The overwhelming majority of sexual assault cases never go to trial. Most are never reported to the police and, of those that are, a fraction result in convictions. For every survivor who looks at Carroll’s case and sees justice, that may be one more survivor who feels like they cannot have it because they never got as far as she did. 


Even civil cases, like Carroll’s, may not end in a trial, since people may settle. This is the catch with measuring #MeToo’s success through legal battles: High-profile, successful sexual assault cases do not fix sexual assault. In fact, their outcomes can even be misleading.

“I just want us to be cognizant that every single person always deserves access to the civil court system, but that every single case is going to be different. Every single rapist is going to be different, every single abuser is going to be different,” Turkos said. “For a survivor who is contemplating filing a civil lawsuit, or a family member who was supporting a survivor who is contemplating filing a civil lawsuit, they may see this and think, ‘Oh, it's easy. She filed this lawsuit in November. When the window opened, it went to trial quickly. She got her money.’ And that's not it.”

And although Carroll had claimed that Trump raped her, the jury found that Trump had committed sexual abuse—not rape. When collecting crime statistics, the FBI has since 2013 defined rape as “penetration, no matter how slight, of the vagina or anus with any body part or object, or oral penetration by a sex organ of another person, without the consent of the victim.” (Up until that point, the FBI had defined rape as “the carnal knowledge of a female forcibly and against her will.”) This is not, however, how rape is defined across all U.S. law, nor how it’s always understood in the public imagination. Judge Lewis Kaplan instructed the jury to define rape as nonconsensual sexual intercourse, which he described as “any penetration of the penis into the vaginal opening,” the New York Times reported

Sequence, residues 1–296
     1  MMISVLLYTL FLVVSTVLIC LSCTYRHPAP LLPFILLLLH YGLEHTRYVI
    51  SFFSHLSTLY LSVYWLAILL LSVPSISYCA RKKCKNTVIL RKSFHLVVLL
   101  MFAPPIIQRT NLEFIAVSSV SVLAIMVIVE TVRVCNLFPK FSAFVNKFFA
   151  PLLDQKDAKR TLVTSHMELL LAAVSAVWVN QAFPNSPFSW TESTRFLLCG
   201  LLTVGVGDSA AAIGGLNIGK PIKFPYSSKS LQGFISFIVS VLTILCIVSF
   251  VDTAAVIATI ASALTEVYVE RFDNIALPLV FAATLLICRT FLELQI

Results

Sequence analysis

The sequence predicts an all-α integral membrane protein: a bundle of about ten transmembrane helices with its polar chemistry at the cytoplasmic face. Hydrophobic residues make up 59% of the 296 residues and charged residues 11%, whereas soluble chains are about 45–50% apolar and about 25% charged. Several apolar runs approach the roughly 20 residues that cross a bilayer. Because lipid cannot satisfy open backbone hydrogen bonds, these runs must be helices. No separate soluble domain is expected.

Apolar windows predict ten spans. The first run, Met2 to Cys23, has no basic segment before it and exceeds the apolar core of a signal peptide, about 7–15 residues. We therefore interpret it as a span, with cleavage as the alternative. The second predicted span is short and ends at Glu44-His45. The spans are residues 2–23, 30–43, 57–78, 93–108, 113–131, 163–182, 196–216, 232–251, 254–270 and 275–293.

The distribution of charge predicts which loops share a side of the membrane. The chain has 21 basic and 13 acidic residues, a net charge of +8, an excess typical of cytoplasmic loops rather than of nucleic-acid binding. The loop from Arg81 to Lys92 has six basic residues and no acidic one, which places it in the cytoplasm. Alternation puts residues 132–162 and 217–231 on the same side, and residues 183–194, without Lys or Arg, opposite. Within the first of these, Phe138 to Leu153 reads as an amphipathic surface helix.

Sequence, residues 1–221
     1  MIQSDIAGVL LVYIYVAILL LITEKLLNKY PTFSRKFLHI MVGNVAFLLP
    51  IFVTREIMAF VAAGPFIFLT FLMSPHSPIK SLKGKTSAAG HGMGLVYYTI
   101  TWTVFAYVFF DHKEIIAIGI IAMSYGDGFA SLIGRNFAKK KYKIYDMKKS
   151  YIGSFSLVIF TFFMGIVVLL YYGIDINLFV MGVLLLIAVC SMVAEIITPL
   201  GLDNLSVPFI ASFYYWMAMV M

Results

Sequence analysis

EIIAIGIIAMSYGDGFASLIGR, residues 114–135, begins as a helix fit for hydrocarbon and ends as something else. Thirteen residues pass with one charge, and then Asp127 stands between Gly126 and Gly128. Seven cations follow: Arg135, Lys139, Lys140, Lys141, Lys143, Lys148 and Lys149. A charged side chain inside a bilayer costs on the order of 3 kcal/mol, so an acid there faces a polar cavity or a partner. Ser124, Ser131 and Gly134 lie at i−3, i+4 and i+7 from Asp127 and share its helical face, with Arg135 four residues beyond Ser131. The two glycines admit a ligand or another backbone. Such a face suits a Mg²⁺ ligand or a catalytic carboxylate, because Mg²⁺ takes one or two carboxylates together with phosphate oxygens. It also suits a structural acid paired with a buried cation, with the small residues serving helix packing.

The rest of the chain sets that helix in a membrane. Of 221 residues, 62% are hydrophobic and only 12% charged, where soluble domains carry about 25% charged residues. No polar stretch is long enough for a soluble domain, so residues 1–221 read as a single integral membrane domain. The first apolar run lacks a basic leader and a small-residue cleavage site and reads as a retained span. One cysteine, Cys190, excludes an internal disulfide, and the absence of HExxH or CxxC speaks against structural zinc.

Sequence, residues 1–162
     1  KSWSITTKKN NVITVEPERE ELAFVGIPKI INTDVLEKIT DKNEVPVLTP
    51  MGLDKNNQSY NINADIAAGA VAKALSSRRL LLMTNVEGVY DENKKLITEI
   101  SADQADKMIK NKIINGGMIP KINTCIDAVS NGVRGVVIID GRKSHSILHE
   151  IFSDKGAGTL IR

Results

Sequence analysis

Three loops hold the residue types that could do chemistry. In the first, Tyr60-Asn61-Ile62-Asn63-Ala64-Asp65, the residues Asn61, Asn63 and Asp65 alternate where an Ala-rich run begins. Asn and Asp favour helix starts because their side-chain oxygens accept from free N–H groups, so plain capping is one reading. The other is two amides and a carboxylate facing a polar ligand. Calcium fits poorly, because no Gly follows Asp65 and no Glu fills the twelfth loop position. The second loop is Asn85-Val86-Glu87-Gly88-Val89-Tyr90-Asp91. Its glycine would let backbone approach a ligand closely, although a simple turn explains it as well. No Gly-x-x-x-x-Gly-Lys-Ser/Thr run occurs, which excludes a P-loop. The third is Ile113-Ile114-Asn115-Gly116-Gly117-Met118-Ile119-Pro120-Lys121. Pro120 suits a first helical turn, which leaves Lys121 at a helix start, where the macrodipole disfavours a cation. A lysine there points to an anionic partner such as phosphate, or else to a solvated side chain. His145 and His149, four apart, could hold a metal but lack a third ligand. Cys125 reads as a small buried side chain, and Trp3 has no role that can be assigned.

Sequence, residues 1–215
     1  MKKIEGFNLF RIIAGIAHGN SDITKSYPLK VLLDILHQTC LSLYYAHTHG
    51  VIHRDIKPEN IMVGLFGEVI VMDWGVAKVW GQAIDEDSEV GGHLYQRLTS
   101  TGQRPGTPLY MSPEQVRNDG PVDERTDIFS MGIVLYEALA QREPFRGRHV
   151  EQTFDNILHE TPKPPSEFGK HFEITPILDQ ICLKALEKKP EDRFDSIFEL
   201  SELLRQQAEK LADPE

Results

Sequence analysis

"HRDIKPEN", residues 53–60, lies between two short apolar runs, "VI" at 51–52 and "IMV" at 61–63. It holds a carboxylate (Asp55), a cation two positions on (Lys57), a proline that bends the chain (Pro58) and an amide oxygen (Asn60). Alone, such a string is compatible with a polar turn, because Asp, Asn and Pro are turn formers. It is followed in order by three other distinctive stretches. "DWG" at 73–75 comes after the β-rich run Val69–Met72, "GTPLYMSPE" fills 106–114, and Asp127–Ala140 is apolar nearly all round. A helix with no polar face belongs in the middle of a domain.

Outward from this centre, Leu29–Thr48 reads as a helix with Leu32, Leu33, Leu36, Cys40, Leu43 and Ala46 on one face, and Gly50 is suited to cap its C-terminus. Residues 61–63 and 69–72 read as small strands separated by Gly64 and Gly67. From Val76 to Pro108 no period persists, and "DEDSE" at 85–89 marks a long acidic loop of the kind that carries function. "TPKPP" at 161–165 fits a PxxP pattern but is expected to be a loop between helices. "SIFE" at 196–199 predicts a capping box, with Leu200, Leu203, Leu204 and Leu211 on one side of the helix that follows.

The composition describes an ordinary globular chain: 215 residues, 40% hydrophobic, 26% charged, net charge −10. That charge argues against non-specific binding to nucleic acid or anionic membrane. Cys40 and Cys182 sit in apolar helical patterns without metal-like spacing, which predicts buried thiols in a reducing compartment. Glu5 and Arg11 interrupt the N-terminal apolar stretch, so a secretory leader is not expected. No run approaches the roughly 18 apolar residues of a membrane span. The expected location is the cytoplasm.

In her complaint, Caroll said that Trump cornered in a Bergdorf Goodman’s dressing room, “then pushed his fingers around Carroll’s genitals and forced his penis inside her.” The jury may have concluded that Trump did grope Carroll, but not that he penetrated her.

Trump’s lawyer Joe Tacopina is already using that distinction to cast doubt on the whole process. “Strange verdict,” Tacopina told the New York Daily News. “This was a rape case all along, and the jury rejected that, but made other findings, so we’ll obviously be appealing those other findings.” 

It’s also unclear what, if any, impact this verdict will have on Trump’s campaign for president.  By the time of his first presidential election, numerous women had already accused Trump of sexual misconduct. Trump had also been caught on a live microphone boasting about being able to “grab ‘em by the pussy” because he’s a “star”—a major scandal that ultimately proved to be a minor speed bump in Trump’s political career. He’s still set to appear at a CNN town hall on Wednesday.

“This is why I'm really hesitant to talk about this verdict in terms of a metric of success. Because I believe—and I honestly would say I know—that this verdict would not do anything for the people who rely on his every word and breath he takes to determine their next step,” Turkos said. “And they would 100 percent put him in office again and probably be proud to put him in office again after the outcome of this case.”

This case could, however, have one major consequence: There could be more verdicts against Trump. If it makes sense to file a case in New York, other Trump accusers could decide to file lawsuits under the Adult Survivors Act. The window to do so closes in November.

Turkos said that no one who has accused Trump of sexual misconduct has asked her for help. But if they did, she’d “love to” help them.

“If there is a survivor or victim who was abused by our former president and they would like help navigating the civil legal system, I am raising my hand. I am easy to get a hold of. My DMs are open,” she said. “I will do anything I can. They have six months to file a lawsuit. Let’s fucking go.”